Why did the tofu cross the road?

By Eunice John 

 ...to prove it was just as good as chicken!

I’m soy excited to share about something I’ve successfully made THREE times this month (it’s become a Sunday tradition)...drumroll please...TOFU!
Neighbor, MK teacher, fellow tofu-lover Erica and me during our tofu making lesson! She is holding okara, soy pulp, which we collected after straining the blended beans.

A little background first -- at Kibuye, aside from the hospital canteen (which serves tasty food, though limited), there are no restaurants for dine-in or takeout. And there are no grocery stores to run to when you’re missing an ingredient or two. However, one of the blessings of team/community life is that you have regular opportunities to lean on your neighbors as well as practice generosity! You and your family just arrived after 24hrs+ of traveling? No problem - there’s already a meal train set up for you! Need a few extra eggs, 1/2c of cheese, a kg of flour, 2 tsp of oregano...or all of the above? No problem - ask your neighbor or just send a message to the ladies WhatsApp group and there’s a good chance someone will be able to help! 

When it comes to preparing food at Kibuye, I would say that it’s a labor of love. Nearly everything we eat is made from scratch -- breads, salads (with homemade croutons...whaat?!), pasta sauce (no Classico or Prego here, folks), yogurt, desserts...you name it. My kids know that at Kibuye, there’s no McDonalds but they do have Mom-Donalds, Mom-fil-A...you get the idea. 

As a Korean-American family, we eat Korean food regularly and wanted to be able to enjoy it in rural Africa. Knowing that it would be near impossible to find Korean ingredients in Burundi, we either brought some essential ingredients with us in our checked luggage or planned ahead and sent them on a team shipping container. Still, there are many ingredients that you just won’t have on hand, so you’ve got to get creative. I am always amazed at how resourceful and creative my teammates are, truly with everything but especially food. From simple foods to fancier dishes, Kibuye kitchens rock! 

Now, if you were to visit a Korean home, you’ll probably find kimchi in the fridge. What else? There’s a good chance you’ll find tofu too -- and 99.9% of the time, it’s store bought. Nobody makes their own tofu...we buy it! Might I mention that tofu is available in various degrees of firmness: silken, soft, medium, firm, extra firm. Moving on...tofu is not only a low-calorie food but it is also high in protein. We love tofu.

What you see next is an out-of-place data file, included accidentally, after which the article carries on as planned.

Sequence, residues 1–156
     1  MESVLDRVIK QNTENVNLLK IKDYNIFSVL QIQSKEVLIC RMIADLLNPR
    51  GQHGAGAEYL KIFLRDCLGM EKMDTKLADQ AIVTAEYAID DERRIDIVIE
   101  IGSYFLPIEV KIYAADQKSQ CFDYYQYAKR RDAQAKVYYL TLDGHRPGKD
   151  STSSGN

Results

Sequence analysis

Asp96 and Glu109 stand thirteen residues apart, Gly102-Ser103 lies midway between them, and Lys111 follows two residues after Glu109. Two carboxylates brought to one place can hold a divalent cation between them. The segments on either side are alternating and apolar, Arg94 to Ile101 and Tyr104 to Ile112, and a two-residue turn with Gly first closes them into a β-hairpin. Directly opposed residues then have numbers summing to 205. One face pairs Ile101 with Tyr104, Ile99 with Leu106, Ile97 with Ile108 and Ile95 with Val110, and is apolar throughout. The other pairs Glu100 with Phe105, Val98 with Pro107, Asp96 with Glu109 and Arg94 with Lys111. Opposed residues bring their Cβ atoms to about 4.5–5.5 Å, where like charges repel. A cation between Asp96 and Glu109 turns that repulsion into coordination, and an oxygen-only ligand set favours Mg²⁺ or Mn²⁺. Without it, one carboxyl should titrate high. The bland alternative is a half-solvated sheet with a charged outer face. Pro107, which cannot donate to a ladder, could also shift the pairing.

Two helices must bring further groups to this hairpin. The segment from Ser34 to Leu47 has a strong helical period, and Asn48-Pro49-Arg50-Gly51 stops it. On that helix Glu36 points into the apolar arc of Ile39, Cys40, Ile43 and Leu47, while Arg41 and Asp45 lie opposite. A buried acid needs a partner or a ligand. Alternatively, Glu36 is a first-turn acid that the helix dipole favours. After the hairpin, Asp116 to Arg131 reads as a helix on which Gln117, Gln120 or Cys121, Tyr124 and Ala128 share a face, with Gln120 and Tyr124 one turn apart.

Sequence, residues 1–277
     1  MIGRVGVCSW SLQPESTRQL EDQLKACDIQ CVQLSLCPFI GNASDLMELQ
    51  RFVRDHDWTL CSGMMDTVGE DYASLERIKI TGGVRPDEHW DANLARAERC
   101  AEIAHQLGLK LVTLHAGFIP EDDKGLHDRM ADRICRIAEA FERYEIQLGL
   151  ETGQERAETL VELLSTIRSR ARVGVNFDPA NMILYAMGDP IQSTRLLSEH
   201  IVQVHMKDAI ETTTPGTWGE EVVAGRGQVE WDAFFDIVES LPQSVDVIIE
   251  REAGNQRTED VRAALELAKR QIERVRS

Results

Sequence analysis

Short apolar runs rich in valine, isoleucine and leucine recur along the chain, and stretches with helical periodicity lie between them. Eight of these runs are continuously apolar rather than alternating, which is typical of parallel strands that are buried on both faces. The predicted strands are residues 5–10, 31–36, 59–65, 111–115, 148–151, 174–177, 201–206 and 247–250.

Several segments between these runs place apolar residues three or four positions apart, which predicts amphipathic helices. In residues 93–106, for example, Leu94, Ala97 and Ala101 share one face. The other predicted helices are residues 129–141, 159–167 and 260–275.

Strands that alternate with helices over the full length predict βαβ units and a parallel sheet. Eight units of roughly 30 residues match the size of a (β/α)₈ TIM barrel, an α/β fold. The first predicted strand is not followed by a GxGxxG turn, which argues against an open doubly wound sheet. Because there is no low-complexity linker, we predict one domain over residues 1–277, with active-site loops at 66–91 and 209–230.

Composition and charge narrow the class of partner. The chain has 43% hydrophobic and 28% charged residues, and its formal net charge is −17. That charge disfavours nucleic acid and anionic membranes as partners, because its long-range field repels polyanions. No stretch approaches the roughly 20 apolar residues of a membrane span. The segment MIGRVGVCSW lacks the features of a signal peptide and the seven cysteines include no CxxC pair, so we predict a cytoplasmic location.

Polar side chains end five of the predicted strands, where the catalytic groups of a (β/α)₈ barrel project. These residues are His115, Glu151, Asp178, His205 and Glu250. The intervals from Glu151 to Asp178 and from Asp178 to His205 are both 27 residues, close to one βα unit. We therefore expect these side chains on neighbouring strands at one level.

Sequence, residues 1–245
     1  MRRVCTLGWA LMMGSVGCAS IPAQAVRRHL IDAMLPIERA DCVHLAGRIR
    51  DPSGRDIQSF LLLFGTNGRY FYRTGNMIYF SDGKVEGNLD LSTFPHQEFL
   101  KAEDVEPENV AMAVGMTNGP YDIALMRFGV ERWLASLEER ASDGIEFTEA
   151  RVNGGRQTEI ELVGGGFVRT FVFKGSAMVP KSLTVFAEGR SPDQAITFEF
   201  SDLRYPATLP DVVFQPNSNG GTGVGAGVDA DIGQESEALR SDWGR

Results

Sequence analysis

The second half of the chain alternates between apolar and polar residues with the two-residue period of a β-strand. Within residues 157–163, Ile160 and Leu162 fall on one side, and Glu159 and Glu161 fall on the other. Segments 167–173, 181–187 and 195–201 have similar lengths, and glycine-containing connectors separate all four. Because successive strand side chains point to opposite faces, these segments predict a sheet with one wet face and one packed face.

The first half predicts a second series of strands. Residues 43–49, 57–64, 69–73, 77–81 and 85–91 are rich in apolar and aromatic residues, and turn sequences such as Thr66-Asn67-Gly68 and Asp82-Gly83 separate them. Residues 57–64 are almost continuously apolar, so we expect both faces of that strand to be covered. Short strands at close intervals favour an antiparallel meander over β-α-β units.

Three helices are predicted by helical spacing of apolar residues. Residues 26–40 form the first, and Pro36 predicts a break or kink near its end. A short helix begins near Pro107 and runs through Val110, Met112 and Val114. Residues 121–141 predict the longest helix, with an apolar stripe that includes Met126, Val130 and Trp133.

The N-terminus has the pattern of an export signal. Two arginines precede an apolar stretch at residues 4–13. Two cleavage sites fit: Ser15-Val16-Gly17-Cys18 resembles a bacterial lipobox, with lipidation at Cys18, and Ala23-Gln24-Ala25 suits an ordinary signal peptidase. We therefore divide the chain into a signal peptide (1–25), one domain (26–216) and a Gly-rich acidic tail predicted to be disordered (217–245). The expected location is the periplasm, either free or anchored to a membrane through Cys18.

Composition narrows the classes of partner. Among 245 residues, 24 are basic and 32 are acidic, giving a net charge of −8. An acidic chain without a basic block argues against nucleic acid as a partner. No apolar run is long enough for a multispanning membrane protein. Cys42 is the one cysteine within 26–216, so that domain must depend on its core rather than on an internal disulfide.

Tofu is made from soybeans which have been soaked, blended, strained, boiled, coagulated, and placed in a mold to get that nice rectangular shape. Sounds simple enough.

I was thrilled to learn that busoma was made of two parts corn, one part SOY, and one part sorghum. To top things off, dry soybeans are plentiful here and very reasonably priced (you can get 1kg of soybeans for 3000 Burundian francs which is about $1). 

Mind you, during our first term at Kibuye, I tried to FIND tofu. Surely our go-to Chinese restaurant in Bujumbura would know where to get tofu, or perhaps they made tofu in house? Nope. Surely, our vegan Burundian doctor would be able to connect us with his tofu supplier in Buja. Unfortunately, he was unable to bring any back to Kibuye. Well, I was determined to make tofu! 

The trickiest part is probably figuring out the coagulant -- there are many options: vinegar, lemon juice, gypsum (calcium sulfate), epsom salts, nigari (magnesium chloride). Each coagulant results in different textures, tastes, and success rates. From that list, we can get vinegar and lemons. I love being able to make food with ingredients we can find locally or in country, so I tried vinegar. I ended up making tofu although it was more like a sorry slab. Basically, it seemed like a lot of work for little return, so I gave it a rest. 

Fast forward two years later. We’re missing tofu again and with our youngest having several food allergies, including milk, I was once again on a mission to get soy based foods/tofu into our home. I did some more reading and learned about a coagulant that I hadn’t considered before: rice vinegar. This is also likely to be found in the fridge of a Korean/Asian household. Rice vinegar is not something you would think you could find in Burundi. In Kenya, maybe, but not Burundi. But sometimes, we find some rare/random treasures here. Back in the summer of 2018, we were on a family trip in Buja. At that time, fellow Serge missionary, Carolyn Bond, graciously took me around to a handful of stores (we were actually on the search for some fish sauce and a few other household items that I was hoping to find). We had lunch at a little cafe called Maison Crèmerie...a hidden gem. I walked into the store afterward to see if there was anything interesting and what do you know? On the shelf were TWO BOTTLES OF KOREAN BROWN RICE VINEGAR! What?!

I saved that bottle of brown rice vinegar in storage while we were away this past year. I’m happy to report that it’s still good and a successful coagulant! One kg of soybeans produces 2 large blocks of tofu, so I’ve been keeping half of the soaked beans in the freezer for the next batch. Who knew I would be making tofu in Burundi, but here we are. Just a small, but personal joy that the Lord has given me!

Korean Spicy Tofu Stew (Soon Du Bu), one of Ted’s favorite meals.

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